Lethal Weapons Part 2: The Magic Numbers

(I apologize for not updating this as much as I should have last week – a wedding and a wake occupied a significant portion of my spare time.)

As we are all aware, VS is ultimately a game of numbers.  Strip away the flashy card art, epic flavor text and colorful characters and you’ll see that the combat actually ensues between conflicting values and variables influenced by the players.  The most consistent gradient expression of this value system is the character curve, where character resource costs determine to a large extent the size of the character and his or her consequent effectiveness in combat.  The difference between VS and other games that utilize a form of resource system (be it gold, mana or influence) is that a single resource point matters a whole lot more.  The average ATK and DEF between drops differs by a factor of 2 to 3 points from drop 2 upwards.  In Magic, a 6-cost 7/7 Dragon would be considered overpowered; in VS, that same dragon would be splattered under the soles of the 12/12 Batman’s boots.

The relatively wide disparity between characters based on cost ratios creates an “effectiveness filter” through which all combat augmentations must pass, given the constraints of the standard 60-card deck.  Offensive ATK pumps of less than +3 ATK are almost always discarded as wastes of deck space.  3 was the first magic number, the minimum ATK bonus (or DEF reduction) that was considered acceptable, due to a number of reasons:

Beating the Averages. The average is really just that, and more often we usually see characters with a DEF of one above or an ATK one below that number, making even combat between characters of the same cost a risky proposition at times.  A +1 or even a +2 on ATK can be deflected by a power-up with uneven stats.  A bonus of 3 on ATK gives just enough of an excess to require the opponent to play a combat trick of his own to avoid the stun.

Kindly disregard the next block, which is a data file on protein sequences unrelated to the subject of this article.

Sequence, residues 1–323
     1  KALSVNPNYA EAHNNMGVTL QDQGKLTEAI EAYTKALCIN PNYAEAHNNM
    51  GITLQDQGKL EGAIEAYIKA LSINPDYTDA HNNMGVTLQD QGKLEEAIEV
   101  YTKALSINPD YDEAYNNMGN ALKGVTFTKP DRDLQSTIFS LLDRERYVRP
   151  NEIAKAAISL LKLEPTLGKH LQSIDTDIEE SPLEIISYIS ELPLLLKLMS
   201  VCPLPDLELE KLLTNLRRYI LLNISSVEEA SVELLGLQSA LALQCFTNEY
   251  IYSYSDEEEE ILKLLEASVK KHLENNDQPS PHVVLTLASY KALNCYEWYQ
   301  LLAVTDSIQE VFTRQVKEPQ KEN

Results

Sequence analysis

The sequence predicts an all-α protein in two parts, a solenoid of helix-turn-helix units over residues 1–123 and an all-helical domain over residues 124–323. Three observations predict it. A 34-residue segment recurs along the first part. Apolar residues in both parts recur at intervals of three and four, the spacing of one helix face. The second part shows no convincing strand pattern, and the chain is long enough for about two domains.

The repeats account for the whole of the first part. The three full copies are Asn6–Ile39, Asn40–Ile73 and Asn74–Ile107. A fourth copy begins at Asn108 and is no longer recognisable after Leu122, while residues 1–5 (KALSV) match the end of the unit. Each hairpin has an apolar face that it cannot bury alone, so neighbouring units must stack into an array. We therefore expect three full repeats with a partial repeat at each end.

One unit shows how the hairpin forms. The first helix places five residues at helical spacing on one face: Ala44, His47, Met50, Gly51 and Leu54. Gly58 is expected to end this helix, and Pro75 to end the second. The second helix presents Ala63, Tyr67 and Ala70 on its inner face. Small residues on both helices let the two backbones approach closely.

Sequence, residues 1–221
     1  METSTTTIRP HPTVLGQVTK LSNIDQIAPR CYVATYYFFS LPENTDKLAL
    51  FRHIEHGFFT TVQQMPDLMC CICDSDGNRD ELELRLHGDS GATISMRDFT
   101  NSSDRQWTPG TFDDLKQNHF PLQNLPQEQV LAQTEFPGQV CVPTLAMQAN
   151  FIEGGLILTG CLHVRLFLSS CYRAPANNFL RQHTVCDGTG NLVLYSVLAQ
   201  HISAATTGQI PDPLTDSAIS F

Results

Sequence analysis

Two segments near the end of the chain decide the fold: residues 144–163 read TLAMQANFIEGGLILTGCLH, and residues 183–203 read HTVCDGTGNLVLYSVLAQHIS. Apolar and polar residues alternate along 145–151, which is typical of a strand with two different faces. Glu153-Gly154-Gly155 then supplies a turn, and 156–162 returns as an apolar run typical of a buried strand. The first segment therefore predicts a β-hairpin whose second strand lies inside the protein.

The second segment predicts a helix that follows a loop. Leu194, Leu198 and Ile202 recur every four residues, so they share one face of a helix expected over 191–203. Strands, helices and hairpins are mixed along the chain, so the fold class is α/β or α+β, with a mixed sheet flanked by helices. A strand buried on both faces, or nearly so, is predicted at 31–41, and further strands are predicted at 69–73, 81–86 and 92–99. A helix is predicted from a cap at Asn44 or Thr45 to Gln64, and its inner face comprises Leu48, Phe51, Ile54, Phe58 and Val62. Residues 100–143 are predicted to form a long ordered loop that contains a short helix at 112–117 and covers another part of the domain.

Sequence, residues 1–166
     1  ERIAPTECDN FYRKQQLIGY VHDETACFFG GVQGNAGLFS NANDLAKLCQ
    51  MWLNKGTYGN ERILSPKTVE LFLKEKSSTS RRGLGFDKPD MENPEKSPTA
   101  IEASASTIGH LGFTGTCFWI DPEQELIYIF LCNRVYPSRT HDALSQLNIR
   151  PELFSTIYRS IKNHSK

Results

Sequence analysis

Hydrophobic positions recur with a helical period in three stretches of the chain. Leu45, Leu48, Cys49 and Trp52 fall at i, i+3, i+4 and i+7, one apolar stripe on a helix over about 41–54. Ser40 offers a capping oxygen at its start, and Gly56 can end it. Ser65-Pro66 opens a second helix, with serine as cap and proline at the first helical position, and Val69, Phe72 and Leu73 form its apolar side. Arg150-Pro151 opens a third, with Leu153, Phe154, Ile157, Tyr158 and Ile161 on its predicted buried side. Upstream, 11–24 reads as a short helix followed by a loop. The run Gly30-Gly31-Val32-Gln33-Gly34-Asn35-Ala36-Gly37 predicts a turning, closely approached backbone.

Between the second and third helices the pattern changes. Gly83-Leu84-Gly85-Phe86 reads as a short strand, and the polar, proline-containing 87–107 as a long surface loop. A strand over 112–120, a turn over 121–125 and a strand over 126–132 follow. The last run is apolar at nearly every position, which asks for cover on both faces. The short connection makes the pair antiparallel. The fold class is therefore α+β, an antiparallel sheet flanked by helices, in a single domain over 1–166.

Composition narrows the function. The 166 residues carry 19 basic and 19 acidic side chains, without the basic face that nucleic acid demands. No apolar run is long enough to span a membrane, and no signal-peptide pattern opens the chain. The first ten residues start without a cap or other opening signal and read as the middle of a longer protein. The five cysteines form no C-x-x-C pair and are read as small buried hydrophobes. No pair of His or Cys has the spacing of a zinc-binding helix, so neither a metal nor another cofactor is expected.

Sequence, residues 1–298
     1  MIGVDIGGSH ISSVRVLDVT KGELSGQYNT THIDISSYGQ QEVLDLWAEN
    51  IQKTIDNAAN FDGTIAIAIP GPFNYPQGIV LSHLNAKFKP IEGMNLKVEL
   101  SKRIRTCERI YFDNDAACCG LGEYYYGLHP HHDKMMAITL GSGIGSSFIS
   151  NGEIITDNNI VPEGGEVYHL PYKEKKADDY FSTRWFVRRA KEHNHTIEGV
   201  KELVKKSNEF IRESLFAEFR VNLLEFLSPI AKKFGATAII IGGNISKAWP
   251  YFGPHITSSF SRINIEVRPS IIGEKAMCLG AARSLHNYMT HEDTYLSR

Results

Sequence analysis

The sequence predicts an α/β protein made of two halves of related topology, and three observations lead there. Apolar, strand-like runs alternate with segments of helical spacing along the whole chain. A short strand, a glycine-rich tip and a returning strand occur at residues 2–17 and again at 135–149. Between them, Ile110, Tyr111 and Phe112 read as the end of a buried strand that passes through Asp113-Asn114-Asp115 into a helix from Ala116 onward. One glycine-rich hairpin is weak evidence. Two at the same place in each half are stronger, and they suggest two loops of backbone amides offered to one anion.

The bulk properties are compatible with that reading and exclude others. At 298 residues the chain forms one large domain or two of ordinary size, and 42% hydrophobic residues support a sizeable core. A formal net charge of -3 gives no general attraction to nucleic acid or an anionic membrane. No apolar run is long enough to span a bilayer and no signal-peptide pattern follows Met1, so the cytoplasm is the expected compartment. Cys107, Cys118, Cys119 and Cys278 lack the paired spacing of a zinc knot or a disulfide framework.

Attacking Up the Curve. A lower cost character attacking a higher cost character successfully is always desirable, since it allows the player to now use his bigger characters to deal more breakthrough against defending smaller characters with less fear of being stunned back.  Since the difference in stats between character costs rounds out to about a 3 ATK deficiency on the smaller character, +3 ATK would be the minimum offensive pump that would remain useful throughout the game for attacking up the curve.

+3 DEF pumps. Back in the days of Marvel Origins, Acrobatic Dodge was quite the popular generic defensive DEF pump, and it didn’t matter that the defending character lost -3 ATK as long as the attack was successfully brickwalled.  These days, with the existence of Against All Odds and (hahaha) Steely Resolve, using an ATK pump to effectively negate a DEF pump is still standard tech.

VS has seen a vast selection of +3 ATK/-3 DEF offensive combat effects, of both the generic and team-stamped variety.  Often the combat augmentation will be accompanied by some minor bonus effect, such as giving range to the character (Crack Shot) or allowing the character to move to a different position (Combat Reflexes).  The king of the hill, though, has always been Flying Kick.